In Good Health

The Colorado Health Foundation’s blog is designed to share perspectives, personal stories and what we are learning in our efforts to ensure that, across Colorado, each of us can say: “We have all we need to live healthy lives.”

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Denver, CO – The Colorado Health Foundation's vision is that across Colorado each of us can say: "We have all we need to live healthy lives." Today's landmark supreme court decision in Dobbs v. Jackson Women's Health Organization is the latest hurdle in our fight to achieve health equity and racial justice. We believe equitable access to a full range of reproductive health services, including abortion care, is a critical component of what it means to bring good health and well-being in reach for everyone in Colorado. Today's Supreme Court decision will affect millions of people in this country, eliminating access to abortion and critical reproductive health services. This ruling will create unnecessary barriers to health and well-being, especially for

Topics
Advocacy
Health Equity

Springtime in Colorado is a perfect time to act on change. As we witness the beauty of renewal in nature, I am reminded of all that needs tended to in our collective hearts and minds to make transformative change possible. 

Here at the Foundation we are preparing for the return of our signature event, the 2022 Colorado Health Symposium, taking place July 27-29 in Keystone, CO. Registration for the event is now open. This year’s theme is focused on “game changers” — those small and large shifts that can change the whole paradigm of how we move through the world and how we actualize health.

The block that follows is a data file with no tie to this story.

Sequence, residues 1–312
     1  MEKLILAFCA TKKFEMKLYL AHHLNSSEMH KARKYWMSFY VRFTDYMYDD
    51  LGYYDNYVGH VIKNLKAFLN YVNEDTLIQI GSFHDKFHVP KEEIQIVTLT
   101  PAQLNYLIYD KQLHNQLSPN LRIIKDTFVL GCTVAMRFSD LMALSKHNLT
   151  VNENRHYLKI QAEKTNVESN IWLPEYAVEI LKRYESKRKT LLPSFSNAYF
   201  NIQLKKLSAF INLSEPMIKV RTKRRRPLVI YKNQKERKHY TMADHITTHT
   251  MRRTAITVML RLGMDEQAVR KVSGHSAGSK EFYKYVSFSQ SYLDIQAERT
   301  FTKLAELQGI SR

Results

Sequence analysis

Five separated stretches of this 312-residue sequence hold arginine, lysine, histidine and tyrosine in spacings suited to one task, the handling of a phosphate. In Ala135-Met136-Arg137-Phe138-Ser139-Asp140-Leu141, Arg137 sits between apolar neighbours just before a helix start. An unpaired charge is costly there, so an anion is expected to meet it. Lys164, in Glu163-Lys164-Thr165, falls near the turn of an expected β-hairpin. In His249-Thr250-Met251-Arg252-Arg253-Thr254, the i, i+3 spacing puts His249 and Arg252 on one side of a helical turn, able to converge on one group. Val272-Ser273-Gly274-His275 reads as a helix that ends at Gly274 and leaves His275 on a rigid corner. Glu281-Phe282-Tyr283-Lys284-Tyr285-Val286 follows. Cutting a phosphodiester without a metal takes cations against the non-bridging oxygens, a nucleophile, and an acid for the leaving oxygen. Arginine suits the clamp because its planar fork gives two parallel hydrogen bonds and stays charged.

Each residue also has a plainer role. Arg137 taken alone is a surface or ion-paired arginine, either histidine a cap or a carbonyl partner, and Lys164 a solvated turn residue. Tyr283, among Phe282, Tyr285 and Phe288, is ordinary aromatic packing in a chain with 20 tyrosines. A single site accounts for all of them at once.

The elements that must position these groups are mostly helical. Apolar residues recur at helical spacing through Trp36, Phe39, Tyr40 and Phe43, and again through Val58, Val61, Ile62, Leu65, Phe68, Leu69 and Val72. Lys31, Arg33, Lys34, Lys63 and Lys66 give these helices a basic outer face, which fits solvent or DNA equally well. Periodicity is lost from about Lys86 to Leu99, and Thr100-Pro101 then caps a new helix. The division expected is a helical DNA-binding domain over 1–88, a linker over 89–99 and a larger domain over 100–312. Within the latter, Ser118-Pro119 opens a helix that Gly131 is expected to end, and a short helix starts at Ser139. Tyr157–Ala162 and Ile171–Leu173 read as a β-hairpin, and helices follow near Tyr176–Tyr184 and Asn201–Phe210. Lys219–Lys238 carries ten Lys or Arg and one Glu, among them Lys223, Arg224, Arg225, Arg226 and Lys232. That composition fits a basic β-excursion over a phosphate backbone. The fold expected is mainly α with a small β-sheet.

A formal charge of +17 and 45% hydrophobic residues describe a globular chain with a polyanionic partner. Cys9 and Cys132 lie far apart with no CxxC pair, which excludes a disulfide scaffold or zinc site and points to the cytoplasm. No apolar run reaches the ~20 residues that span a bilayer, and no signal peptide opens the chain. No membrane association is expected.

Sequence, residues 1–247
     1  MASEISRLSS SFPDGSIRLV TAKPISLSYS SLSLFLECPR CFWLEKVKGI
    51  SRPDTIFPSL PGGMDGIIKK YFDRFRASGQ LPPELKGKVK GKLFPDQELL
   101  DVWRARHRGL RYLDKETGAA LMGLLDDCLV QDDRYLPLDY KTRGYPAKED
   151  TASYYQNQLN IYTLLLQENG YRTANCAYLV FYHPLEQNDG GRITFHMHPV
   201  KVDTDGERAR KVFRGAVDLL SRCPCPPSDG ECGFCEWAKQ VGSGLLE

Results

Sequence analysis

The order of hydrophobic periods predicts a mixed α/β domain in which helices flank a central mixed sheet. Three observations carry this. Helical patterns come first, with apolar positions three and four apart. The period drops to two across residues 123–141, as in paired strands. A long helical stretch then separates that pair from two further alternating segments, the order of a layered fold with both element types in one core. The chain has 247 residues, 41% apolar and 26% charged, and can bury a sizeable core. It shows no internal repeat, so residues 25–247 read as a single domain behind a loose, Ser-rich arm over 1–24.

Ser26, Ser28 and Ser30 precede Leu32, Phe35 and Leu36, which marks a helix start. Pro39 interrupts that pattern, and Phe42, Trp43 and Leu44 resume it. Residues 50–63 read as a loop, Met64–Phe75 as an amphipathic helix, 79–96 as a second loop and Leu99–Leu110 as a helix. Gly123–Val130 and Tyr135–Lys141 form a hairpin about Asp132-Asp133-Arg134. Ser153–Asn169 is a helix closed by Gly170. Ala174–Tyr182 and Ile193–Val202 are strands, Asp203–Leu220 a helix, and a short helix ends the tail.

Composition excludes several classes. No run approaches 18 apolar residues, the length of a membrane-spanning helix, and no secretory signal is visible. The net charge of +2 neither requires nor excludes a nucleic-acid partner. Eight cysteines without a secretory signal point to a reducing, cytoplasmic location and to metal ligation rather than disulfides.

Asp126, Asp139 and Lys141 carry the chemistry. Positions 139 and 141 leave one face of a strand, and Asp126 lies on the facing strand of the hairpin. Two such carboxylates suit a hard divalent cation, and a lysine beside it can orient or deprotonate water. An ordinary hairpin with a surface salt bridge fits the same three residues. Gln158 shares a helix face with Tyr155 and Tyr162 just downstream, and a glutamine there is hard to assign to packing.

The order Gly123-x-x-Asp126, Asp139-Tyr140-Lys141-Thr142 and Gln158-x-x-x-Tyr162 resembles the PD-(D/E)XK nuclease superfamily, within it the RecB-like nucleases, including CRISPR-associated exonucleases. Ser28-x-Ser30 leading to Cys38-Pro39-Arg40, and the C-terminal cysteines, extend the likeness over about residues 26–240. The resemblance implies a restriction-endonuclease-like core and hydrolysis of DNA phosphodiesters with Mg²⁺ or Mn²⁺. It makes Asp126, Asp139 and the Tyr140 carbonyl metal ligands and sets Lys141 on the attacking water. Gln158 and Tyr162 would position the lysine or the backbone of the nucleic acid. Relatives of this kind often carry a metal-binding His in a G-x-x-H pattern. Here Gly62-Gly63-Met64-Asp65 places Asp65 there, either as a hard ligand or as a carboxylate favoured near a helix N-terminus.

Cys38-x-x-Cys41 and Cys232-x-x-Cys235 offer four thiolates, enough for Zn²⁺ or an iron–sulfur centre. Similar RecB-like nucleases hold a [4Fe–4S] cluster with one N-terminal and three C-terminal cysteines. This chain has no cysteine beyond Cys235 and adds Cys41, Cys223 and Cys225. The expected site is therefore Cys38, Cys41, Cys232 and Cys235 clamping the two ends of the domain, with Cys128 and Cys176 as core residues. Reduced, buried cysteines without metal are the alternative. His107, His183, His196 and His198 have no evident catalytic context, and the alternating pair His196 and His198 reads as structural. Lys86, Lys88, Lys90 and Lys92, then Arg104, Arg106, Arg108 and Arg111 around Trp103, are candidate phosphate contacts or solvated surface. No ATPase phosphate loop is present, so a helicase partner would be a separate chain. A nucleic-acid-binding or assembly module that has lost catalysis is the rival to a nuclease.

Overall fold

Last month, my colleagues Erin Brown and Amy Latham discussed how the Foundation

Topics
Colorado Health Symposium
Health Equity

Harsh realities of our world were heard so loudly over the past two years they could no longer be muted: The deep inequities experienced in communities of color and only deepened by the pandemic; the harms of upholding a status quo that only benefit some; and the dysfunction of “business as usual” in a new and unfolding context. A clear view of these truths cracked open the opportunity to improve our old ways and embark fully and unapologetically on the path of equity and justice.

Last week, we shared a snapshot of how we’re beginning to disrupt the status quo of our own work. While there is always more work to do, much of our progress – within our

Topics
Policy
Advocacy

Poet, author and civil rights activist Maya Angelou said, “Do the best you can until you know better. Then when you know better, do better.” We've been considering these words of wisdom as we unpack how our approach must continue to evolve.

The year 2020 taught us that we could do things differently. It revealed that to do things differently, we must analyze – and sometimes disrupt – our own ways of thinking, being and doing. Most importantly, it taught us that we do know better. Now, we must do better.

Our approach for responding to community needs in the midst of the COVID-19 pandemic has been to open as many doors as possible. Like many foundations, we increased our

Topics
Foundation Evolution
Race/Racism
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